The sudden shift to remote working may have been good for maintaining productivity while keeping employees safe and healthy, but it also showcased our technological infrastructure’s weak points. In the past two years, who hasn’t attended a glitchy Zoom meeting or dealt with sensitive files that refuse to sync across networks?
While many people have continued to work remotely to benefit public health, these technological stopgaps hold back the full potential of the work from home model. Here are seven technical challenges that negatively affect virtual offices and workers today.
A subpar digital toolkit
Just like you wouldn’t expect office workers to do their jobs without fax machines, telephones, or computers, you can’t expect top-notch productivity from undersupplied remote workers. Remote workers need several tech essentials like robust broadband service, reliable email, and video conferencing tools.
Virtual commuters also need tools that will help them bridge the gap between the physical infrastructure and their digital workspace. For example, a digital mailbox from providers like iPostal1 can keep employees connected to essential correspondence even when they’re not commuting to the office regularly. Using a digital mailbox, remote workers can check their physical mail as quickly as they’d check their email, so there are no worries about physical mail slipping through the cracks.
Employees who work from the office benefit from on-site cybersecurity tools, but remote workers usually have their home internet services with minimal security protection. Without robust cybersecurity, sensitive office data becomes easily accessible to hackers.
DIY computer support
Remote workers who have issues with their technology are on their own. Company IT support can provide help over the phone, but they cannot do their typical tech-support work without in-person services. When devices go offline, remote workers have to use the services they can find–possibly even from their local big box stores.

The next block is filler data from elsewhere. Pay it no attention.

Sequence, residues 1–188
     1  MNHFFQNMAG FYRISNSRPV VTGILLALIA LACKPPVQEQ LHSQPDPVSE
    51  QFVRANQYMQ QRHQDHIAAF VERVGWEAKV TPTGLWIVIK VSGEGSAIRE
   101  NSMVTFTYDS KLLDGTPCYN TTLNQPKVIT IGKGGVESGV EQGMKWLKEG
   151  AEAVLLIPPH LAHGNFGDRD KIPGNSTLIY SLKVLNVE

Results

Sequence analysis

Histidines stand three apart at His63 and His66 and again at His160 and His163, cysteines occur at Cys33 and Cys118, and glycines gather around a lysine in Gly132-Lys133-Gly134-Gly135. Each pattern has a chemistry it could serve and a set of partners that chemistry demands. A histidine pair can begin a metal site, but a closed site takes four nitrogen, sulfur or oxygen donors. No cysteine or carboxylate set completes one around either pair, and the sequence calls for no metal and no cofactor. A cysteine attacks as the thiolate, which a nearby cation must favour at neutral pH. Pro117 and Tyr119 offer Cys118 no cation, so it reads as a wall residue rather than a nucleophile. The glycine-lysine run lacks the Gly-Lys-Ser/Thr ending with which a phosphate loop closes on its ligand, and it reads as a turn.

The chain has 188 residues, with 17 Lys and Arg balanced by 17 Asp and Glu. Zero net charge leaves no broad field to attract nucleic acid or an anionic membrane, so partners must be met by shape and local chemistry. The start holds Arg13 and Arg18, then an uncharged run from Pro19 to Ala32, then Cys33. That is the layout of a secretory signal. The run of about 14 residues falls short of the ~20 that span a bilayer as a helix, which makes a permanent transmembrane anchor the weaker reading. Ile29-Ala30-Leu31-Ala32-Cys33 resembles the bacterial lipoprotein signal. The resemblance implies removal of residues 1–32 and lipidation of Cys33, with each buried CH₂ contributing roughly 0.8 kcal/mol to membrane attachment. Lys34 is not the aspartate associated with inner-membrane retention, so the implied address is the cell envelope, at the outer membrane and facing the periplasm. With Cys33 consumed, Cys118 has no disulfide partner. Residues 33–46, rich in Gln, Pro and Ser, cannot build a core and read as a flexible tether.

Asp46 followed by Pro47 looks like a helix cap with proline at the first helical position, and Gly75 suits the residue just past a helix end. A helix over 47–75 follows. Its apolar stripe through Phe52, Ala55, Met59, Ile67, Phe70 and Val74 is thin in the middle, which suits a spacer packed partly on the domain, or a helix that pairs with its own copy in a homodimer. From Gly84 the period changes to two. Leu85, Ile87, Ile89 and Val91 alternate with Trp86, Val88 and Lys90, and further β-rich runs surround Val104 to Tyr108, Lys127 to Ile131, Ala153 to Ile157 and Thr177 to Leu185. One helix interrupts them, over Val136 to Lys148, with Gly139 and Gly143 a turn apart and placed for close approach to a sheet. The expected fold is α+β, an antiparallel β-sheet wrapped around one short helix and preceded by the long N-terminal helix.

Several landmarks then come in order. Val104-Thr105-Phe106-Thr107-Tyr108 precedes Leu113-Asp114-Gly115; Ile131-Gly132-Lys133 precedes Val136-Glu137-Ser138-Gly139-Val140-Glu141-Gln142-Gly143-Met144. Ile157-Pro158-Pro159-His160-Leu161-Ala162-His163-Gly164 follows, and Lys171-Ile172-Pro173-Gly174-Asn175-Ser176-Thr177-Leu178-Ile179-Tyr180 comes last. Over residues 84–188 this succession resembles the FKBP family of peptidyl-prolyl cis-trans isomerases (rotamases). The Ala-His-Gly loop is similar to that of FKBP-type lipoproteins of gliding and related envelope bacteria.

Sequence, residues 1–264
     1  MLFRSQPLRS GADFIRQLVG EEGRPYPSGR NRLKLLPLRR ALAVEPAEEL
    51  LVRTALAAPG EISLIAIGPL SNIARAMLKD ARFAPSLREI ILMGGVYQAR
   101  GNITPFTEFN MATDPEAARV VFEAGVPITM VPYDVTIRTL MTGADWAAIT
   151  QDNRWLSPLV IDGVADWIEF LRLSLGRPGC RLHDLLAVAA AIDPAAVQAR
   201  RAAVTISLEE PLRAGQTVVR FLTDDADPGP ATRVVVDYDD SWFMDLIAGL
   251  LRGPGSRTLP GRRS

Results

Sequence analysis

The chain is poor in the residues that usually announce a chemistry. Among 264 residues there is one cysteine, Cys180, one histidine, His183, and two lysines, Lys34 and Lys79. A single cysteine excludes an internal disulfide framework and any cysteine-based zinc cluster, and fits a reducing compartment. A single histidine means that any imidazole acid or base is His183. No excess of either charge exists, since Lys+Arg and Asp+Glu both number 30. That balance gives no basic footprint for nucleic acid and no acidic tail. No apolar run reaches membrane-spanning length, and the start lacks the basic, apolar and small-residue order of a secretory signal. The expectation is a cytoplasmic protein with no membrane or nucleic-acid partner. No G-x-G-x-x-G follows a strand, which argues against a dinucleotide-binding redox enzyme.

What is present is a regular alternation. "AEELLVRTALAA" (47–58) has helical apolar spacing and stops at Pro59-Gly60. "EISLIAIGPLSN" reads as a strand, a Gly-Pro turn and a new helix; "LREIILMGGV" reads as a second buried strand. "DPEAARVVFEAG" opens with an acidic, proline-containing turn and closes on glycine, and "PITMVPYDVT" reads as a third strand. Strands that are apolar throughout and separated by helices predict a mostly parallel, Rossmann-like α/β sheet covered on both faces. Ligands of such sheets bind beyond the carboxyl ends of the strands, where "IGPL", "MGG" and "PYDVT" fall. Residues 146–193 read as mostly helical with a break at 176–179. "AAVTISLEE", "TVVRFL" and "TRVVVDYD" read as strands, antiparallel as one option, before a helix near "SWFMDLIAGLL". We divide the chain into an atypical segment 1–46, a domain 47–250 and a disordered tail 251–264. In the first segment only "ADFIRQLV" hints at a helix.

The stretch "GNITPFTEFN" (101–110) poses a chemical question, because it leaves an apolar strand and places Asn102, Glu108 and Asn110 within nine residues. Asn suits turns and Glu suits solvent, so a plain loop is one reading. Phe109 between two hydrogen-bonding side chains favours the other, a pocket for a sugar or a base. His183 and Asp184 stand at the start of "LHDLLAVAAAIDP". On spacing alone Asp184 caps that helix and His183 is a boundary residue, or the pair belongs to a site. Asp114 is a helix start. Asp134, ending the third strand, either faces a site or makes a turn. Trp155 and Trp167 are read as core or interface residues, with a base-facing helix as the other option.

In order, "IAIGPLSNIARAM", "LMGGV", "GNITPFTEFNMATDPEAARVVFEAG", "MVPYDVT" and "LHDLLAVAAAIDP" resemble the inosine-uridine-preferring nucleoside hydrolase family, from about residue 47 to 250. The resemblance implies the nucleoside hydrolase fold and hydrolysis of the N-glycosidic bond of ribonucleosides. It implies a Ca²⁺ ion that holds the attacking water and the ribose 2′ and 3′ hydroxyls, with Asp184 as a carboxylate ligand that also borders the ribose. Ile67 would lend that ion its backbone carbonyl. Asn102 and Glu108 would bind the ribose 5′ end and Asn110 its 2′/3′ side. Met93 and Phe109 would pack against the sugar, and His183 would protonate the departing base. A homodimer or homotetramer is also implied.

Tech integration problems
Another tech-related problem common among remote workers involves integrating new apps with pre-existing software. Usually, on-site tech support staff uploads and efficiently integrates new programs. Without tech support, remote workers are on their own, often spending precious productivity working on other tasks.
Video and sound issues
As most remote workers rely on video conferencing apps to connect with other employees, their sound and audio systems need to function correctly. When the ancillary devices fail, it’s tough to communicate. Remote employees have to figure out how to make their microphones and speakers cooperate.
Along with speakers and microphones that don’t work, remote employees also have to deal with sound quality problems. When remote workers cannot understand each other due to poor-quality systems, they can’t perform their jobs efficiently.
Wasting time with front-office and tech tasks
Because remote workers are on their own, they often have to do tasks that they wouldn’t need to worry about when in the office. These tasks take time from productivity tasks that affect the bottom line.
Sometimes problems even arise when remote employees share their broadband with other family members. With children using video conferencing for school, residential systems become overtaxed, and remote employees see their productivity decline from lagging Wi-Fi.
Issues with time zone coordination
When employees need to work together remotely, they have to coordinate their time zones. This coordination means that some employees might have to work together when it’s time to be away from work. The call to meet beyond scheduled hours can brew resentment over missed time with family and friends.
Remote work has proven to be a productive way to help employees stay safe and healthy. But, it’s far from perfect. Employers and employees should work together to solve telecommuting problems and challenges.